Mac Jones ‘Still Orders’ From the ‘Kids’ Menu,’ Says NFL Analyst

mac jones

Getty Patriots QB Mac Jones.

Are the New England Patriots being too conservative with their approach when it comes to rookie quarterback Mac Jones?

At least one analyst believes that’s the case.

Fox’s Nick Wright didn’t hold back during a discussion about the Patriots and Jones. In fact, Wright compared Jones to “a 28-year-old who still orders chicken fingers at every restaurant.”

He said the Patriots have Jones ordering from the “kids’ menu.” It’s a classic rant from one of the best talking heads in the sports world:

This was a great segment augmented by the contrasting opinions, but who’s right?

Patriots Are OK With Mac Jones’ Style

It is hard to imagine Bill Belichick or Josh McDaniels pulling Jones aside and insisting he take more shots down the field — especially not at this stage of the game.

He’s a rookie quarterback who wasn’t even taking first-team reps through training camp and preseason. Jones is through his first two games of his career — division games at that — and he has yet to throw an interception.

There is something to be said for that level of ball security for any quarterback, and especially a rookie. ESPN’s Mike Reiss spoke about the Patriots’ bottom line and why New England is likely much happier with Jones’ approach compared to the New York Jets‘ Zach Wilson, who has already thrown five picks because he won’t accept a little bit of “boring” football.

Reiss wrote:

Before diving into the specifics, the bottom line is most important: In the legendary words of longtime coach Herm Edwards, “You play to win the game.” And Jones did that on Sunday, playing smart, protecting the football, and complementing a defense that totaled four interceptions — a couple that were Wilson-wrapped gifts. Jones finished 22-of-30 passing for 186 yards, with no touchdowns or interceptions. In a season-opening loss to the Miami Dolphins, which could have been a win if not for running back Damien Harris’ costly late-game fumble, Jones was 29 of 39 for 281 yards, with one touchdown and no interceptions. That makes Jones the first quarterback with a 70-plus completion percentage in each of his first two NFL starts (minimum 10 pass attempts). Part of what has contributed to that is his willingness and discipline to take what’s there, or in the words of Jets coach Robert Saleh, play a boring game of football.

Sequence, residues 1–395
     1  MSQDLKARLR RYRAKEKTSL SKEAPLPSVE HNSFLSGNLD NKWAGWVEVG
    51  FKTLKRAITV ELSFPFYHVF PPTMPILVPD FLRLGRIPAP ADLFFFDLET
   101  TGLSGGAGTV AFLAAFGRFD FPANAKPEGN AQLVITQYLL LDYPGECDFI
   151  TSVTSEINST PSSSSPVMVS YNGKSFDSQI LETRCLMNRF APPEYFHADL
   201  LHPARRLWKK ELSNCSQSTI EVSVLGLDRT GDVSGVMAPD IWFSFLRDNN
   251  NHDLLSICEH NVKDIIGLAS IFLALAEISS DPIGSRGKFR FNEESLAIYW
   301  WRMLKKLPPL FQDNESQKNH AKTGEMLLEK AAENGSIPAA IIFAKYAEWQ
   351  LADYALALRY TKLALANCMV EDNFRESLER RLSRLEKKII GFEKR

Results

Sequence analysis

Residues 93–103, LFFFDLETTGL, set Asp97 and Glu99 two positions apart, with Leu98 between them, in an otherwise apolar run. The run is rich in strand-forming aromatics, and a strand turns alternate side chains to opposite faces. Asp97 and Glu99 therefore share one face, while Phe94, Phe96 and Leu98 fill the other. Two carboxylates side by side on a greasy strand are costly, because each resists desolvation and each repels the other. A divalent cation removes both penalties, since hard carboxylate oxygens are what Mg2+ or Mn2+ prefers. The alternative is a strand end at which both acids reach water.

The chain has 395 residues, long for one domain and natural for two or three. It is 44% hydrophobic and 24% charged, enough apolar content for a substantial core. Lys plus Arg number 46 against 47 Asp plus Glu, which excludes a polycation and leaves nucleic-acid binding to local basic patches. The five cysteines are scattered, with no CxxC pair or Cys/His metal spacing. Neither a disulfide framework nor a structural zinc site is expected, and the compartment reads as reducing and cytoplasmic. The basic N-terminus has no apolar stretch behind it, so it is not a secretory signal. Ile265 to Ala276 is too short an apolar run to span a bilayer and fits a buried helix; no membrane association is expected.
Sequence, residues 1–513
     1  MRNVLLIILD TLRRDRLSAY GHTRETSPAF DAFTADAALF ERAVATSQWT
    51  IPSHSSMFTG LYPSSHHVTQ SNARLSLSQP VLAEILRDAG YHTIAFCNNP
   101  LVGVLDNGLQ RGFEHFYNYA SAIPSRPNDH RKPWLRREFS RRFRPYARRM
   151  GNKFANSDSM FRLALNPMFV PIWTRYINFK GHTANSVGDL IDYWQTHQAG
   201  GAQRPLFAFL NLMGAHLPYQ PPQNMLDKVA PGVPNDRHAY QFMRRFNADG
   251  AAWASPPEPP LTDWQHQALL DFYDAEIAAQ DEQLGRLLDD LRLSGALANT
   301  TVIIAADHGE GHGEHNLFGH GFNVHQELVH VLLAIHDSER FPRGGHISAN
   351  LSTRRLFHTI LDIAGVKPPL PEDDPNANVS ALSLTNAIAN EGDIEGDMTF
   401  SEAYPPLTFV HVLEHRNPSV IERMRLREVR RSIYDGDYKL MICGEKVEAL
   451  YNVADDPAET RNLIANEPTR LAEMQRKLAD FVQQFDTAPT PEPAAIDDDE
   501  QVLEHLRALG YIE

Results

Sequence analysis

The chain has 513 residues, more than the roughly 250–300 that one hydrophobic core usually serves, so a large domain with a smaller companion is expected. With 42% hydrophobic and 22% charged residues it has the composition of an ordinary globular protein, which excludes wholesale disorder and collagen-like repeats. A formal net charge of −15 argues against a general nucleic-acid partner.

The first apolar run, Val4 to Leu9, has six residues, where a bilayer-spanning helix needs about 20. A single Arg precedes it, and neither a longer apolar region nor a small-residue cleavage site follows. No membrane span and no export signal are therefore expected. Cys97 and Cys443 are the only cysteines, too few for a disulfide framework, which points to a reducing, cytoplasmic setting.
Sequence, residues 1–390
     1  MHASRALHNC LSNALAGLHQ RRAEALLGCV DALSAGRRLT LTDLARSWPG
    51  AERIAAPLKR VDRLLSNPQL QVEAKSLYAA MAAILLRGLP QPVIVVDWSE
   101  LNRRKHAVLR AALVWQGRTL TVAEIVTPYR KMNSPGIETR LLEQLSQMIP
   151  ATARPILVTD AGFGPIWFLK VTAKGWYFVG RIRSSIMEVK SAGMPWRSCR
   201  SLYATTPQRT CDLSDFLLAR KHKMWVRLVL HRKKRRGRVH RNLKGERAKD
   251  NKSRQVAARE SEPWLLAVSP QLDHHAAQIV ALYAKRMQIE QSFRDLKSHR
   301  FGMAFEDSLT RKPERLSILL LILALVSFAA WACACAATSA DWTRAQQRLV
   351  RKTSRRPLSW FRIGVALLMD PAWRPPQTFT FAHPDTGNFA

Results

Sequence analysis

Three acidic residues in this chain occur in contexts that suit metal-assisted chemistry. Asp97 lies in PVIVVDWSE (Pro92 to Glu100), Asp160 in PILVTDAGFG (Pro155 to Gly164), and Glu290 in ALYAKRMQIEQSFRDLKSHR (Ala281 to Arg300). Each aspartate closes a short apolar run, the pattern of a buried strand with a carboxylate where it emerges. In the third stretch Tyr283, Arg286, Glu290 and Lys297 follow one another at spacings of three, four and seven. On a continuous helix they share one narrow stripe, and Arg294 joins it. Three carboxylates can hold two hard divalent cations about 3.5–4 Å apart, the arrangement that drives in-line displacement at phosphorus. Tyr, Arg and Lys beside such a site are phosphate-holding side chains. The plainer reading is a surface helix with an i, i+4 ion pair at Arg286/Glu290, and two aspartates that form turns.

Sometimes, boring is better.

When Will Jones Begin to Throw it Deep?

I’d expect a few more downfield shots in Week 3 against the New Orleans Saints. First, the Saints’ secondary has been a bit undermanned, even though the newly acquired Bradley Roby is expected to be available for the first time since coming over from the Houston Texans in a trade. Because of some of New Orleans’ issues in the secondary, they might be a good team to test downfield.

I’d also expect to see a few more attempts to stretch the field as defenses load up the box to stop the Patriots’ run game. New England is averaging 113 yards per game on the ground and 4.18 yards per carry. There is going to come a time when teams dare Jones to beat them with his arm, and that could be this Sunday.

Maybe then Jones can ditch the coloring sheets at the head of the table.


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